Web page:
The Social Security Administration announced that there will be an 8.7% cost-of-living-adjustment (COLA) beginning January 2023. Overall, this means benefits will increase an average of $140 a month.
The COLA rate is determined by the consumer price index (CPI) which relies on the U.S. inflation rate. While many thought 2022 COLA increase (5.9%) was large, the 2023 increase of 8.7% is the largest since 1981. Here is a quick breakdown of how Social Security benefits will change: For the average Social Security recipient an extra $1752 will be seen yearly, increasing benefits on average from $1681 to $1827. The average couple receiving benefits will see a yearly increase of $2856.
However, this increase does not factor in taxes. The one who giveth will also taketh. Under current law, if you are a single taxpayer, you will be taxed 0% on your Social Security benefits if you have provisional income under $25,000. Your Social Security benefits can be taxed up to 50% if your provisional income is between $25,000-34,000; and up to 85% can be taxed if your provisional income is over $34,000.
For those married and filing jointly, provisional income less than $32,000 results in zero taxation on your Social Security benefits. Between $25,000-44,000 your benefits can be taxed up to 50%; and from provisional income over $44,000 up to 85% of your benefits can be taxed.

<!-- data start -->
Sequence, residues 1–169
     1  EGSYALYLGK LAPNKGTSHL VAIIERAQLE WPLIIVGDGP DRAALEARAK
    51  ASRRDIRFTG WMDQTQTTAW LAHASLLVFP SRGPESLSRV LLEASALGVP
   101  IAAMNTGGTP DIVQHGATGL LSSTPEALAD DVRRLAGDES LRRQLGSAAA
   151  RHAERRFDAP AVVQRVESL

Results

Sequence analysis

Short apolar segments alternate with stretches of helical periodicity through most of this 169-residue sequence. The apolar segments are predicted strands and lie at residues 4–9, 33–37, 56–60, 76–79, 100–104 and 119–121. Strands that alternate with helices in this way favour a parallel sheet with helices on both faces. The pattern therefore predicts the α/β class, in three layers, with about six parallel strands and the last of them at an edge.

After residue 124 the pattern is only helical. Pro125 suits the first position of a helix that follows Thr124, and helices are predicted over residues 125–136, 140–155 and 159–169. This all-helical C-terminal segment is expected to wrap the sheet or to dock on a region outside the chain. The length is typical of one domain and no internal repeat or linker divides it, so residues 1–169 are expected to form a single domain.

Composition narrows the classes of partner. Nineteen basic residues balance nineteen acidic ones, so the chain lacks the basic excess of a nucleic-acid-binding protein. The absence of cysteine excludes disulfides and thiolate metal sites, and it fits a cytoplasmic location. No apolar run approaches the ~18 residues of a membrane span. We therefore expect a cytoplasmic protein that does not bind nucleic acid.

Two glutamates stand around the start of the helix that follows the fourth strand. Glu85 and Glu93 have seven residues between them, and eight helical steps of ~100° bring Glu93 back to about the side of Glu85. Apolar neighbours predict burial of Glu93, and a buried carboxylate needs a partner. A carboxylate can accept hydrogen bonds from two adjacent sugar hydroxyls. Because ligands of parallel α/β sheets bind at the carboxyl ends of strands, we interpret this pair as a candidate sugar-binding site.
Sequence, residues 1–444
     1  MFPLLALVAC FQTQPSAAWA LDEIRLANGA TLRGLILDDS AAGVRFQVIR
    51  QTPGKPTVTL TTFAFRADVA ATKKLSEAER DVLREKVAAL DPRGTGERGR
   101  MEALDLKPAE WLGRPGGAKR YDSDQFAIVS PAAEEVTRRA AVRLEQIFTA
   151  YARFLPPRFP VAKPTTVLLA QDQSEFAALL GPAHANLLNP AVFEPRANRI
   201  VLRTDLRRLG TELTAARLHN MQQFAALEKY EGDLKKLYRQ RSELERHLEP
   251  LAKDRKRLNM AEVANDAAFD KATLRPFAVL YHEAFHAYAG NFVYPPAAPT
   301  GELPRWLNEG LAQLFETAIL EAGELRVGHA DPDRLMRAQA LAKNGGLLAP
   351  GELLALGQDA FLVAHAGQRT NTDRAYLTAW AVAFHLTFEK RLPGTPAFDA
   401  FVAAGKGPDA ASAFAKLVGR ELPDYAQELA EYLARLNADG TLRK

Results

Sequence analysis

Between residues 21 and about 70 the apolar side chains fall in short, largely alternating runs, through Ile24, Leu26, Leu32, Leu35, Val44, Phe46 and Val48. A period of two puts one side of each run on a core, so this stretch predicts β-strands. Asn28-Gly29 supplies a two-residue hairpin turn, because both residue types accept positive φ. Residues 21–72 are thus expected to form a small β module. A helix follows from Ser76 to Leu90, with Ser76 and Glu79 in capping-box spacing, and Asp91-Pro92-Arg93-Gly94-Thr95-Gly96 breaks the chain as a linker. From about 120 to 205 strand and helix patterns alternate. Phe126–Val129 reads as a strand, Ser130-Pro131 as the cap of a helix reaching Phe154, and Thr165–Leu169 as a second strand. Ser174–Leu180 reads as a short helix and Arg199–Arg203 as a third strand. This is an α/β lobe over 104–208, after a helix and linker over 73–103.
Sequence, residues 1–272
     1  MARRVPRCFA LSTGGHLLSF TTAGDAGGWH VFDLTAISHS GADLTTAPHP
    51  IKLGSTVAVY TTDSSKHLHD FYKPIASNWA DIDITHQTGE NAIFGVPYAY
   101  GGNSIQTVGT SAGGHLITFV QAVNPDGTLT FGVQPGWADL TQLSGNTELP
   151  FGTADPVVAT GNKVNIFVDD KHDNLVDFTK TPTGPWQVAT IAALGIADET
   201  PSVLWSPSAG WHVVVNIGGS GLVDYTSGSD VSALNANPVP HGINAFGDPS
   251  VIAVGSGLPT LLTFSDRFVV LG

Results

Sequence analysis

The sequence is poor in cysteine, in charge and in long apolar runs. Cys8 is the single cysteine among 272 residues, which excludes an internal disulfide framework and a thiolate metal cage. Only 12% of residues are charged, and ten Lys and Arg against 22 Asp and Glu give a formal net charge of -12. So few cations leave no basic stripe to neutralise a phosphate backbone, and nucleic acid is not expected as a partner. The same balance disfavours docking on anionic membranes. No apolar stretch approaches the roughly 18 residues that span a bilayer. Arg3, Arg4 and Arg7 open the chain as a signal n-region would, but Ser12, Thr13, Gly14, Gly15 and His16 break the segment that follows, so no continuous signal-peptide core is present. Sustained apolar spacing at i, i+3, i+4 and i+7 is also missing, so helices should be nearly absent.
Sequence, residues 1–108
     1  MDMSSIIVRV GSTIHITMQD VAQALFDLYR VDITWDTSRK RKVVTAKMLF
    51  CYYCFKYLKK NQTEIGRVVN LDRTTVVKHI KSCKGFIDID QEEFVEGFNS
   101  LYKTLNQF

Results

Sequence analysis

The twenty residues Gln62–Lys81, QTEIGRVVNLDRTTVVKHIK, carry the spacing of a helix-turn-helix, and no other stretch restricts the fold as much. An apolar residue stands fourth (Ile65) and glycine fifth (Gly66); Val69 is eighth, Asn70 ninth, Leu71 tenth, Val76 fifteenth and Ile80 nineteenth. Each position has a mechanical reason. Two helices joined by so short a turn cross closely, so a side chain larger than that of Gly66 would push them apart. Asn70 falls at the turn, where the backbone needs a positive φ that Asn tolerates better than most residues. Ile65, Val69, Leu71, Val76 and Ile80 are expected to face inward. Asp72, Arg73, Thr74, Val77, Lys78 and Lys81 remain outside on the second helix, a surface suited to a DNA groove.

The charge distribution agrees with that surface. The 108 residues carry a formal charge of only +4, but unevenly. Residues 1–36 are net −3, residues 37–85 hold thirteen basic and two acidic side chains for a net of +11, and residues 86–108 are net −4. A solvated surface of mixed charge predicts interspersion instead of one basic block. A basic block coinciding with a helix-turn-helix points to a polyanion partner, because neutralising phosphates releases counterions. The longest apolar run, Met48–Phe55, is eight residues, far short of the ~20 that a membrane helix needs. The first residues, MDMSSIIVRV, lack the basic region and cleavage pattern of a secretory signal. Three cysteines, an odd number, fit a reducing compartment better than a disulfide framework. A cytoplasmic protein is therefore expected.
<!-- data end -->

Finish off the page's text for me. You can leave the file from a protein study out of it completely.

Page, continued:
Today, the Social Security Administration reports that roughly half of Social Security beneficiaries pay taxes on their benefits. With the COLA increase of 8.7%, more could be paying taxes in 2023. And depending on which state you live in, you may be paying more tax at both the federal and state level when it comes to taxes on your Social Security benefits.
COLA increases are always giving long-term. Once you reach 62, the increases are automatically included into your benefits. Heedless of when you take them, the increases are cumulative meaning the next COLA increase is determined off the new “base” Social Security benefits. This means even for spousal, survivor, or divorce benefits, you will still receive the COLA increases no matter when you enroll.